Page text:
JULY 2CEMETERY RIDGE
As Barksdale's, Wilcox's, and Lang's brigades crushed the Third
Corps's right and swept toward Cemetery Ridge, Meade, Hancock, and
others strove mightily to position troops to halt their drive. By the
time the Confederates reached the base of the ridge their ranks had been
riddled, their lines disordered, and they had begun to lose momentum.
Hancock led Col. George L. Willard's brigade of his Second Corps down to
meet Barksdale's brigade. Willard's men attacked Barksdale's advancing
line just west of Plum Run and drove it back, but the guns of Col. E.
Porter Alexander's artillery battalion, which had moved forward to the
high ground by the Emmitsburg Road, repelled them in turn. Both
Barksdale and Willard fell in the fight. As he rode north in search of
more troops to throw against the advancing Rebel lines, Hancock saw
Wilcox's brigade nearing the swale at the base of the ridge. Only the
1st Minnesota Regiment was at hand. Hancock pointed to a Confederate
flag that flew above the advancing line and shouted to Col. William
Colvill, "Advance, Colonel, and take those colors." The Minnesotans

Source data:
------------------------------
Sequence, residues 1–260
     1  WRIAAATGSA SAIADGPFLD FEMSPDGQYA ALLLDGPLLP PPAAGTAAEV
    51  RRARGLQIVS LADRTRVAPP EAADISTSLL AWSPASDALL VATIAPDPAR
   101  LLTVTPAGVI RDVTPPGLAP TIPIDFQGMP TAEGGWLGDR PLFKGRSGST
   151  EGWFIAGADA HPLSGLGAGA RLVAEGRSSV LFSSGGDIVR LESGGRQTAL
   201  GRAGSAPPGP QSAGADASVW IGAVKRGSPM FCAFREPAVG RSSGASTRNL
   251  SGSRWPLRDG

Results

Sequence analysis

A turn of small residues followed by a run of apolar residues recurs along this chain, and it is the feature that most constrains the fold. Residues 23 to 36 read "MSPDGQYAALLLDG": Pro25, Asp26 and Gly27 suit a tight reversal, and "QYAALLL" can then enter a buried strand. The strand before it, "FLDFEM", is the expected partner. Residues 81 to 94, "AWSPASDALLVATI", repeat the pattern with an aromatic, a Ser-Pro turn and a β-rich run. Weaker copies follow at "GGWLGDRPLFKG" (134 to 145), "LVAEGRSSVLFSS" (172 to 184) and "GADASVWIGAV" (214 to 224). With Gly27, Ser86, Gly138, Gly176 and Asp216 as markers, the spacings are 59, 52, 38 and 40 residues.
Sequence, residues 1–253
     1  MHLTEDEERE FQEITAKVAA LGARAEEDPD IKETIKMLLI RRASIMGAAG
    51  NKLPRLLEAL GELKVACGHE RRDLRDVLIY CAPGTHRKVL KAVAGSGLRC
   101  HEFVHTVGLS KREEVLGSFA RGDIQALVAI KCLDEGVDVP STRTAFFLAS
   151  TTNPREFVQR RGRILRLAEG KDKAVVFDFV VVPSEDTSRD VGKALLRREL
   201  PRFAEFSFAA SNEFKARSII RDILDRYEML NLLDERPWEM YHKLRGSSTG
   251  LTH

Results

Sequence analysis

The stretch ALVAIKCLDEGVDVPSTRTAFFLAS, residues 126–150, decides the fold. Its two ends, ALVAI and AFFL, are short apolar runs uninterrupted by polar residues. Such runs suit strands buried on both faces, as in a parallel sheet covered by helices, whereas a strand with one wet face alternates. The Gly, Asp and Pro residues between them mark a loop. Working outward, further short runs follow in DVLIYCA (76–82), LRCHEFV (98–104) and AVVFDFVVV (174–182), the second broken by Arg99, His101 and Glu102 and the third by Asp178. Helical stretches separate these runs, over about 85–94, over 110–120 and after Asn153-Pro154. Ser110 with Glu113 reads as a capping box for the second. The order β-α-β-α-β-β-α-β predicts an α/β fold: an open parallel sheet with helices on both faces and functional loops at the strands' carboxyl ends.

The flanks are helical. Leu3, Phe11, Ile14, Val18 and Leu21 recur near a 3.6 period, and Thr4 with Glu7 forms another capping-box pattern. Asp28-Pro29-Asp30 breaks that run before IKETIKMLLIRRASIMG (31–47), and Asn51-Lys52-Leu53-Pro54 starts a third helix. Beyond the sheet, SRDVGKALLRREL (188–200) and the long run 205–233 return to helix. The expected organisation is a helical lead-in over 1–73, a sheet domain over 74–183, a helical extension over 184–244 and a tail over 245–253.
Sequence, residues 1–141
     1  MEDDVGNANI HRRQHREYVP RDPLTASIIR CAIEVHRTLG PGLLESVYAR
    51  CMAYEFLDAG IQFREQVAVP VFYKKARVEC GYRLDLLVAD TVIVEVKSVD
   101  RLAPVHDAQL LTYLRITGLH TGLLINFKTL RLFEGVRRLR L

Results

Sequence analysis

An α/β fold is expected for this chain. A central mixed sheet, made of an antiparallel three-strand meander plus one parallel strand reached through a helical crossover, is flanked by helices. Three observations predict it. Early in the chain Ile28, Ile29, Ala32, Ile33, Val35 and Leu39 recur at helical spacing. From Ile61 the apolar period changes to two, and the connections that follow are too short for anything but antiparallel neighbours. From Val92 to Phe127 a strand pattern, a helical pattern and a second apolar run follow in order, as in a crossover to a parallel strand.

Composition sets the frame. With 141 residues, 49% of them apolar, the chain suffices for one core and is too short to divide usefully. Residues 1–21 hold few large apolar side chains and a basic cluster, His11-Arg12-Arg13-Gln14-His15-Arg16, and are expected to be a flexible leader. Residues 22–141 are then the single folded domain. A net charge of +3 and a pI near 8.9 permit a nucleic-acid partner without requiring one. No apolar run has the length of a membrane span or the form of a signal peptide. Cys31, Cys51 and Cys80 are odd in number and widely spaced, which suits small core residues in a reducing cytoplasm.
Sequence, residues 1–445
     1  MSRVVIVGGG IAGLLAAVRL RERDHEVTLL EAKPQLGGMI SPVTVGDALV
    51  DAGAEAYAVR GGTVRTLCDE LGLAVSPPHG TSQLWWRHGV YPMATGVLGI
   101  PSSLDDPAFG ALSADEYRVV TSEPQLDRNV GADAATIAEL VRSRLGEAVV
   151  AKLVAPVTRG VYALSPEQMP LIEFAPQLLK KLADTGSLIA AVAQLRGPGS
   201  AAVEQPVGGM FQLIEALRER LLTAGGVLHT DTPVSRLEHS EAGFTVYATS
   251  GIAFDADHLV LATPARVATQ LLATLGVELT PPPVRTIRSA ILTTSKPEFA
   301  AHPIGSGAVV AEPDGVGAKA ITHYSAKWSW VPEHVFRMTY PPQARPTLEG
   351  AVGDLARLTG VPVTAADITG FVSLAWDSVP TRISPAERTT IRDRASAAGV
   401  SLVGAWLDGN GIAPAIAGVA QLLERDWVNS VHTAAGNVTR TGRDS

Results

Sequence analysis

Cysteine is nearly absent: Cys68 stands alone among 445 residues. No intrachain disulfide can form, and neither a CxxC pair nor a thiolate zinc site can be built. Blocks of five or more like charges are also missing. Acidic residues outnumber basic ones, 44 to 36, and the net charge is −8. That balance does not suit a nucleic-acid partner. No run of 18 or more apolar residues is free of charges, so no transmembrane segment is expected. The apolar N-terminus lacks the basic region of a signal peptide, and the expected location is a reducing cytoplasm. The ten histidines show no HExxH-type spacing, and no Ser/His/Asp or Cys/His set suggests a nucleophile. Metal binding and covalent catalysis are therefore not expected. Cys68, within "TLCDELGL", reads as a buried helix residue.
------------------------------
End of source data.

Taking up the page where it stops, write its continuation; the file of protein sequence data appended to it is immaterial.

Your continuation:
charged, struck the tired Alabamians, and blunted their attack. But the
cost was horrible"more than two-thirds" in the charge were killed
or wounded. To the left, Williams's division of the Twelfth Corps
reached the ridge in time to repulse the 21st Mississippi Regiment and
recapture Bigelow's lost guns.
BRIGADIER GENERAL BARKSDALE LEAD HIS MEN AGAINST UNION DEFENDERS AT THE
SHERFY FARM (PAINTING BY DON TROIANI. PHOTOGRAPH COURTESY OF HISTORICAL
ART PRINTS, SOUTHBURY, CT.)|
Brig. Gen. Ambrose R. Wright's Georgia brigade advanced on the left
of the Florida brigade. The sun was setting as Wright's men advanced
gallantly toward the Union center. They crushed two regiments posted at
the Emmitsburg Road north of the Codori house and captured guns of Lt.
T. Fred Brown's and Lt. Gulian V. Weir's batteries that were in front of
the ridge near the Codori buildings. Fortunately for Wright's men,
Hancock's efforts to aid Sickles had left a broad gap in the Union line
south of the Copse of Trees, and the Floridians and Georgians made for
it. Union troops held Lang's men from the ridge, but the right of
Wright's line penetrated the gap and reached the ridge's crest. They had
broken the Union line, but Brig. Gen. Carnot Pusey's brigade on their
left and others did not come to their aid. Instead Union troops of the
First and Second Corps, some led by Meade himself, struck the Georgians
and drove them back. By darkness, Meade's forces had halted the
Confederate attack. Meade was jubilant; when someone observed that
things had been pretty desperate at one time, he replied, "Yes, but it
is all right now, it is all right now." In later years, Longstreet wrote
that on July 2 the men of his corps had done the "best three hours'
fighting done by any troops on any battle-field." It would be difficult
to prove him wrong. Yet it had not been enough to secure victory from an
equally tenacious Union defense.